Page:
The year has sped by and summer is almost here. Unfortunately, the fire season has already commenced with many fires across the state of Western Australia and in other parts of the country. Some lives and homes have been lost and there have been crop losses and property damage. At the beginning of the year, we were evacuated from our home because of out of control bush fires. We've been evacuated before but the fire came too close for comfort this time. I think it's taken me the remainder of the year to get over it. I haven't had the concentration to write much and now fire season begins again... One can only prepare for these events. I know what to pack and where everything is but it is still a harrowing experience. Let's pray we don't have to go through it this summer. My novel Grapevines and Gum Trees touches briefly on the Ash Wednesday fires in South Australia in 1983. A reminder that the threat of fire is a continuous one. Be safe everyone.
Well, I've finally opened the manuscript. It's been a while. This is the first complete novel I ever wrote. Quite a few years ago now. I had to laugh. One of my characters was writing a note to let her house mates know where she was going. Might just change that to a text I think. Haha. It's amazing how mobile phones have changed our society. I wonder what other 'treasures' I'll find.
‘Advance Australia Fair’ is the national anthem of Australia. A revised version of a late nineteenth century patriotic song, it was officially declared the national anthem on 19 April 1984.
Peter Dodds McCormick, a Scot, composed ‘Advance Australia Fair’ under the pen-name ‘Amicus’ (amicus is the Latin word for ‘friend’). It was first performed in Sydney on Saint Andrew’s Day, 1878. An amended version was also sung by a choir of 10,000 at the inauguration of the Commonwealth of Australia on 1 January, 1901. In 1907, the Australian Government awarded McCormick £100 for his composition. Peter McCormick died in 1916 and ‘Advance Australia Fair’ became free of copyright in 1966. The Commonwealth of Australia, however, does copyright the officially proclaimed lyrics and particular arrangements of music. Non-commercial public use of the anthem is permitted, but commercial use requires permission.
Some of the original words of the song have been changed for the official version. ‘Australia’s sons let us rejoice’ was the original first line; this has been replaced with ‘Australians all let us rejoice’. In the third verse of the original song, two lines were changed—‘To make our youthful Commonwealth’ became ‘To make this Commonwealth of ours’, and ‘For loyal sons beyond the seas’ became ‘For those who’ve come across the seas’.
How ‘Advance Australia Fair’ became the national anthem
The official anthem was ‘God Save the Queen’ (or ‘King’) from 1788 to 1974, although numerous commercial and official competitions were held over the years to find a substitute. The first was held in 1840.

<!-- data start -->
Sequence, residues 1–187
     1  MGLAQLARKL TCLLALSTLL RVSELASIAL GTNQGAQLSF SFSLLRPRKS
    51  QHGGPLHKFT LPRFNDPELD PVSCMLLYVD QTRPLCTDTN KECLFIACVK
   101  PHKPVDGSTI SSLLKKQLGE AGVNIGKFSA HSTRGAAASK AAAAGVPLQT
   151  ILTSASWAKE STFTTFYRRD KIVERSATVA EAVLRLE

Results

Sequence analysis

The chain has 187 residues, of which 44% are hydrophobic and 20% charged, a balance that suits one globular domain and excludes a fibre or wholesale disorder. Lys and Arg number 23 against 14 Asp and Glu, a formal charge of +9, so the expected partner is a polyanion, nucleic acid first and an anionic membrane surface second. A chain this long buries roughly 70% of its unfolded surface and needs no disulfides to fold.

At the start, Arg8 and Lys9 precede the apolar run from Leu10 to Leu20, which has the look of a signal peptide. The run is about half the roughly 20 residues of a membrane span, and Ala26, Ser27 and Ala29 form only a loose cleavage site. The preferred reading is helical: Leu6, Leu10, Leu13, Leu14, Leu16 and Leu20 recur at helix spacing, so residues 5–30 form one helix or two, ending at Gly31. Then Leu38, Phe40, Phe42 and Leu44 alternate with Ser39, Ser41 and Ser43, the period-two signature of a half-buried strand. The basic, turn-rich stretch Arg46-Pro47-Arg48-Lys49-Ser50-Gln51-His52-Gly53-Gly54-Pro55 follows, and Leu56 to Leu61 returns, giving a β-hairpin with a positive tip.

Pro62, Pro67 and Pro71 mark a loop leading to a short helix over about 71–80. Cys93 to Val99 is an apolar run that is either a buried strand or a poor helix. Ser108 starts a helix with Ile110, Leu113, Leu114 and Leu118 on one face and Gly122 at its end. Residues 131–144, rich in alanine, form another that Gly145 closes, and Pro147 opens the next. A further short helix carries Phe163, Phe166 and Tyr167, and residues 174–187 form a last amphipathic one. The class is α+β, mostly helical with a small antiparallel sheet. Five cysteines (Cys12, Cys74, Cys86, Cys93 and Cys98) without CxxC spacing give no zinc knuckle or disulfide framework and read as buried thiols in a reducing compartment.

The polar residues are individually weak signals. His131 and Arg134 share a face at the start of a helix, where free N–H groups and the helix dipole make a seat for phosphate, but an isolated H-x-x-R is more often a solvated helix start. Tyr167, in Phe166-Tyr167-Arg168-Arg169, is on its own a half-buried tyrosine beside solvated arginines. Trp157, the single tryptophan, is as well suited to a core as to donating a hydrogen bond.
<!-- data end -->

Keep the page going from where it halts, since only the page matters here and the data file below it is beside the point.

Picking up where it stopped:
John Dunmore Lang, who published an ‘Australian Anthem’ and an ‘Australian Hymn’ in 1826, was an early advocate of a distinctively Australian anthem. ‘The Song of Australia’ was written in 1859 by Caroline Carleton, and it was suggested to the Prime Minister in 1929 as a possible national anthem.
The issue of a truly national anthem was raised persistently before the 1956 Olympic Games, which were held in Melbourne. ‘Advance Australia Fair’ and ‘Waltzing Matilda’ were the two songs most strongly favoured then as the new anthem. ‘Waltzing Matilda’ was composed in 1895, with lyrics by one of Australia’s best known poets, AB ‘Banjo’ Paterson.
On Australia Day, 26 January, in 1972, the number of entries (more than 400) received in an Australia-wide national anthem quest gave an indication of the interest in a new anthem.
Exactly a year later a government-sponsored competition was announced, which drew 2500 entries for the words and 1300 for the music. The judges selected six entries for the words, but rejected all the musical entries.
The polls and what followed
The quest for an Australian national anthem continued. In 1974 a public opinion poll sampled an estimated 60 000 people to select from three possible anthems: ‘Advance Australia Fair’, ‘Waltzing Matilda’ and ‘Song of Australia’. ‘Advance Australia Fair’ polled 51.4 per cent. Following this result the then Prime Minister, Gough Whitlam, announced that ‘Advance Australia Fair’ would be the national anthem, except on specifically Royal occasions, when both it and ‘God Save the Queen’ would be played.
In 1976, after a change of government, ‘God Save the Queen’ was reinstated for Royal, vice-regal, defence and loyal toast occasions, with ‘Advance Australia Fair’ to be played on all other official occasions.
In May 1977, however, a national poll was conducted to ascertain the public choice of a national song. This time more than seven million people were issued with ballot papers. The results were: ‘Advance Australia Fair’ 43.2 per cent, ‘Waltzing Matilda’ 28.3 per cent, ‘God Save the Queen’ 18.7 per cent and ‘Song of Australia’ 9.6 per cent. Despite the poll results, adoption of the new national anthem met widespread opposition.
It was not until April 1984 that the Governor-General issued a proclamation that ‘God Save the Queen’ was designated the Royal Anthem, to be played at public engagements in Australia attended by the members of the Royal family. ‘Advance Australia Fair’ was finally declared to be the Australian national anthem.
Usually ‘God Save the Queen’ is played at the start of Royal functions and ‘Advance Australia Fair’ at the end, unless it is more appropriate to play both anthems at the start. ‘Advance Australia Fair’ is played at all other official functions.
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